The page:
This book points out a lot of ways to determine if a person you are talking to is under stress, how to identify exactly what part of what you are saying is causing stress, and how to lead that to determining what the stress is about with regards to that part.  The author points out many times that the techniques will indicate stress much more than they will indicate deception.  Deception is only one thing that will cause stress.  The biggest thing the author says is an indicator is a change in behavior.  The behaviors themselves can be normal, even if they seem strange, but a change in a behavior is indicative of something no matter what kinds of behaviors are normal for a person.

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Attached: The New Science of Adult Attachment and How It Can Help You Find – And Keep – Love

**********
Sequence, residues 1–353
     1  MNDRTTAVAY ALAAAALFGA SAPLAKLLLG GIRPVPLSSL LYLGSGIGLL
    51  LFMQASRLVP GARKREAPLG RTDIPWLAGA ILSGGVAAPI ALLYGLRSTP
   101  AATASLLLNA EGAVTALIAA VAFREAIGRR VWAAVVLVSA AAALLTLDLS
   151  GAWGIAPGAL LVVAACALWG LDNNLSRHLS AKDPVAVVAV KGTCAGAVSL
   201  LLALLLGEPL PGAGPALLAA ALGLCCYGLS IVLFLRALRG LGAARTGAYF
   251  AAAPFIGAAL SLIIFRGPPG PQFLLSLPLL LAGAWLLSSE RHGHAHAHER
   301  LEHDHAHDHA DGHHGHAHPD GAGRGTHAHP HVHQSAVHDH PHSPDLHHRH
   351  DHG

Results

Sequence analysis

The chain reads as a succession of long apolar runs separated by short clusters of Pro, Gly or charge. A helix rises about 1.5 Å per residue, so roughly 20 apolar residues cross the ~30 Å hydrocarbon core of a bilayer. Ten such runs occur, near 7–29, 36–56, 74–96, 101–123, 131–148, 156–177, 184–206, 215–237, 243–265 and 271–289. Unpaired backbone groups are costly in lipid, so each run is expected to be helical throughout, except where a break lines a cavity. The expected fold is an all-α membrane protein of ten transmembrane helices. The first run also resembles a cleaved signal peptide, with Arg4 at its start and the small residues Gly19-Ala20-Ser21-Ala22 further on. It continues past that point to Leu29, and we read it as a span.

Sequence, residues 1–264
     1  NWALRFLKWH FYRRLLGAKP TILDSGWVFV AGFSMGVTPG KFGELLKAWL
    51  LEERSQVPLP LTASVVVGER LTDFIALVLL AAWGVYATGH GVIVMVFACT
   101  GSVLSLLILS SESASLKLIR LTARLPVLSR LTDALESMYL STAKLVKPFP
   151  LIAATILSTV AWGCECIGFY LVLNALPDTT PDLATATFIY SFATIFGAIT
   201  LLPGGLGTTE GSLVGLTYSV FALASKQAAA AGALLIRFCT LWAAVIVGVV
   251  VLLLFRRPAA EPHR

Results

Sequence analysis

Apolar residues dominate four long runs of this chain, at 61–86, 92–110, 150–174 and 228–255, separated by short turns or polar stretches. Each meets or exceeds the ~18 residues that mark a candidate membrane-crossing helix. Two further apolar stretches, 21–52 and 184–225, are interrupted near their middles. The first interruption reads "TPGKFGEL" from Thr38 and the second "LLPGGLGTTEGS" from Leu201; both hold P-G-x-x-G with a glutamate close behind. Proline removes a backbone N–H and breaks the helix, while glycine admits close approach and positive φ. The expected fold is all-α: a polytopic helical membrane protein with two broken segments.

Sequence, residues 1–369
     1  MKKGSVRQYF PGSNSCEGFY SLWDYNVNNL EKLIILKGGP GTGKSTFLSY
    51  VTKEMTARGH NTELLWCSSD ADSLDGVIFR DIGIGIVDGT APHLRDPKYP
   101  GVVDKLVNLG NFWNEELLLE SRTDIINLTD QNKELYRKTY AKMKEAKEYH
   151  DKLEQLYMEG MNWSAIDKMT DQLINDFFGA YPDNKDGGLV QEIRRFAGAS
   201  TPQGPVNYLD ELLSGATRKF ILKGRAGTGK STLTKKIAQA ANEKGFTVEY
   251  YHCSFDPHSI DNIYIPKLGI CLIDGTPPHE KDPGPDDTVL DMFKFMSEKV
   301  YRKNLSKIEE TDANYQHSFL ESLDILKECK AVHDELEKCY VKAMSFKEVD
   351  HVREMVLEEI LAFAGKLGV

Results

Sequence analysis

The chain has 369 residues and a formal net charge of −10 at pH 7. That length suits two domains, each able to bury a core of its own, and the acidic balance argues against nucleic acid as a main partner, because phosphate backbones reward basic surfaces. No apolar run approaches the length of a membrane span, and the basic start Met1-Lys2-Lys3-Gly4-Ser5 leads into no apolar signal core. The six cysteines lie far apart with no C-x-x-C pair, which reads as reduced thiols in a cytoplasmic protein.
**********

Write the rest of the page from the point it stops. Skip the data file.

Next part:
While this book was very interesting, it was more about general interpersonal relationships than about specifically the intimate relationships.  That kind of thing is certainly encapsulated in the book’s message, it isn’t really the only thing it is about.  The book says there are 3 types of behaviors (really says people, but i think any person can show a type of behavior at any point).  The three behaviors are Anxious, Stable, and Distant.  I know I have exhibited all 3 at points.  The book talks about how to handle these types of behaviors, whether they are coming from yourself or from others.  It also says how to be happy with someone if they exhibit specific types of these behaviors more than others.  It bases most of the arguments it makes on the idea that the monogamous relationship is the foundation of social interactions.  From what I’ve read and come to believe, I’m not sure that is true.  That said, the book talks about interpersonal relationships, so the true message isn’t lost even if monogamy is not the basis of society.

Audible Link